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POSTED: Saturday, May 02, 2009

Maui Land loss widens to $13.2M

Maui Land & Pineapple Co.'s financial woes continued in the first quarter as it lost $13.2 million and saw its revenue plunge 38.5 percent amid a decline in visitor arrivals and slower real estate sales.

The Kahului-based company, which has laid off hundreds of workers in the last two years and replaced its top management, is coming off a year in which it lost $79.4 million, including a $70.6 million loss in the fourth quarter when it agreed to sell its Plantation Golf Course in Kapalua for $50 million.

That deal closed in March but the sale was accounted for as a financing transaction and, accordingly, no gain was recognized in the first quarter.

MLP's loss last quarter widened from a $414,000 loss in the first quarter of 2008. It had a loss per share of $1.65 versus a loss per share a year earlier of 5 cents.

About $10.5 million of last quarter's net loss resulted from the year-over-year decrease in profit from the company's equity investment in Kapalua Bay Holdings LLC.

Revenue fell to $15.6 million from $25.4 million a year ago.

MLP had an operating loss of $3.2 million in its community development division, a loss of $4.2 million in its resort unit and a loss of $3.5 million in its agriculture division, which is primarily pineapple.

Horizon increases fuel surcharge

Horizon Lines is matching rival Matson Navigation Co. and increasing its fuel surcharge by 1.5 percentage points for its Hawaii-mainland service to 16.5 percent, effective May 24.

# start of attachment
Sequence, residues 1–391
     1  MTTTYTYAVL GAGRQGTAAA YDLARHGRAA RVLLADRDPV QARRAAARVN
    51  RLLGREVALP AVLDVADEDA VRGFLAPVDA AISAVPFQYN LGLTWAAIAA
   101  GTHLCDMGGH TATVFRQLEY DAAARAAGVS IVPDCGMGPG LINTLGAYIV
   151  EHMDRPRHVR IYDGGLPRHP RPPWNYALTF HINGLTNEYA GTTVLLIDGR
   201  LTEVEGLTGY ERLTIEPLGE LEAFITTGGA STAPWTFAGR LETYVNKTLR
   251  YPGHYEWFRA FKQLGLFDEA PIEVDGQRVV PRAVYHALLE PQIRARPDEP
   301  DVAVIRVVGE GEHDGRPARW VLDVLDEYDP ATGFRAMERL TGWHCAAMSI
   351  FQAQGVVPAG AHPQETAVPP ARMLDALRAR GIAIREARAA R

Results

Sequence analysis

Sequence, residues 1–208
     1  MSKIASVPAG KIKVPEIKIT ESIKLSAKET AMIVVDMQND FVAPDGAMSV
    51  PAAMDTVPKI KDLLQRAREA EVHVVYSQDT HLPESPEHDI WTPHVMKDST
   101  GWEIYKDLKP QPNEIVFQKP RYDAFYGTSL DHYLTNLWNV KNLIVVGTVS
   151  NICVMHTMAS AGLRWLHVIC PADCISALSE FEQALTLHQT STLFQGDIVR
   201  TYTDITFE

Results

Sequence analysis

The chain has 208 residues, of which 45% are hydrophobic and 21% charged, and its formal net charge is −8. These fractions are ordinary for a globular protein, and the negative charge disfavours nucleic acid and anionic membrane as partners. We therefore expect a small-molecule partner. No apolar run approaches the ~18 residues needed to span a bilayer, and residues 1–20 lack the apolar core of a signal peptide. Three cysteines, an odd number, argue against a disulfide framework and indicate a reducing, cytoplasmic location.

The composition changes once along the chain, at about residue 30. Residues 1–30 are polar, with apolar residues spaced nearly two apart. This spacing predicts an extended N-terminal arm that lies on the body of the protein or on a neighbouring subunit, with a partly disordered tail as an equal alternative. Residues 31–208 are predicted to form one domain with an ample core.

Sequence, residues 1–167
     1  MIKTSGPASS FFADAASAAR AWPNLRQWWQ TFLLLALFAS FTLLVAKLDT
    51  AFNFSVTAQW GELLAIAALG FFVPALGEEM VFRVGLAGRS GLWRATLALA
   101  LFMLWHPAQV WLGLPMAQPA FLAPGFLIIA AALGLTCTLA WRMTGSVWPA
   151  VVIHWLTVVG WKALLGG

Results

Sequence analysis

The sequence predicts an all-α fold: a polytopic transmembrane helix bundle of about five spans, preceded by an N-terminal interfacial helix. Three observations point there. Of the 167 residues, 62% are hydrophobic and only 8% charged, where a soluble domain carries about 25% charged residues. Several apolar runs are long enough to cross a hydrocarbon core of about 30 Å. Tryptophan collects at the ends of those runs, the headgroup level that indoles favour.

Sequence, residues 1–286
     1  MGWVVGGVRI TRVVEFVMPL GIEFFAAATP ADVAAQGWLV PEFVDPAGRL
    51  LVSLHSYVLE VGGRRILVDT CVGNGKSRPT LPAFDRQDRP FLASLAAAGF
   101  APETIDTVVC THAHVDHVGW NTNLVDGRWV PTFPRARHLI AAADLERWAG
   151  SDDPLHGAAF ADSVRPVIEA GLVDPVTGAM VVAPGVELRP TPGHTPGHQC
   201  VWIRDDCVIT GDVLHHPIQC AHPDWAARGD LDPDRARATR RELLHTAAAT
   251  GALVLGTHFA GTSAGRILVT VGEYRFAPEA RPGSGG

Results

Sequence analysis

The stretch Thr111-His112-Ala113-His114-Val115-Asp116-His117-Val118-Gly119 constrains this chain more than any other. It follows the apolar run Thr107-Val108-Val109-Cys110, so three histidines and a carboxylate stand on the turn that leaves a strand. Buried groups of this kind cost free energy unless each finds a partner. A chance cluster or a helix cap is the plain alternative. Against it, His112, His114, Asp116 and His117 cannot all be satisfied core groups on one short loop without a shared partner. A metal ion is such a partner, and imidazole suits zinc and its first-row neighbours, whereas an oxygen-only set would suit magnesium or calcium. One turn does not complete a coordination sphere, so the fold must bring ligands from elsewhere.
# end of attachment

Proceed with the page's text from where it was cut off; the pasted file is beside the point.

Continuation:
In addition, Horizon is raising its fuel surcharge to 18 percent, from 16.5 percent, for its service to Guam and the Commonwealth of the Northern Mariana Islands. The increase, which also matches Matson, is effective May 24.

Horizon, which had decreased its fuel surcharge six consecutive times before this increase, said it will continue to monitor fuel costs and adjust the fuel surcharge as trends warrant.

Matson announced its fuel-surcharge increase last week, while Pasha Hawaii, which transports vehicles between Honolulu and San Diego, said earlier this week that it will keep its fuel surcharge at 12.5 percent.

HECO to add more solar energy

Hawaiian Electric Co. has plans to more than double the amount of solar-generated electricity in the state.

HECO filed an application with the state Public Utilities Commission to launch a photovoltaic (PV) pilot program that could add up to 16 megawatts of new PV systems over two years. PV systems use silicon panels to generate electricity from the sun.

Under the proposal, HECO would lease rooftops or other space from property owners for the PV system. PV developers would own, operate and maintain the systems and sell the energy to the utilities for a fixed price.

Mokulele begins Hilo jet service

Mokulele Airlines added a fourth destination to its interisland jet service yesterday with the launch of service between Honolulu and Hilo.

It will operate four flights a day between the cities on its 70-seat Embraer 170s.

The airline also operates jet service between Honolulu and Kahului, Kona and Lihue, and uses turboprops to fly to smaller island airports.

Mokulele, founded in 1998 as Mokulele Flight Service Inc., began jet service in November.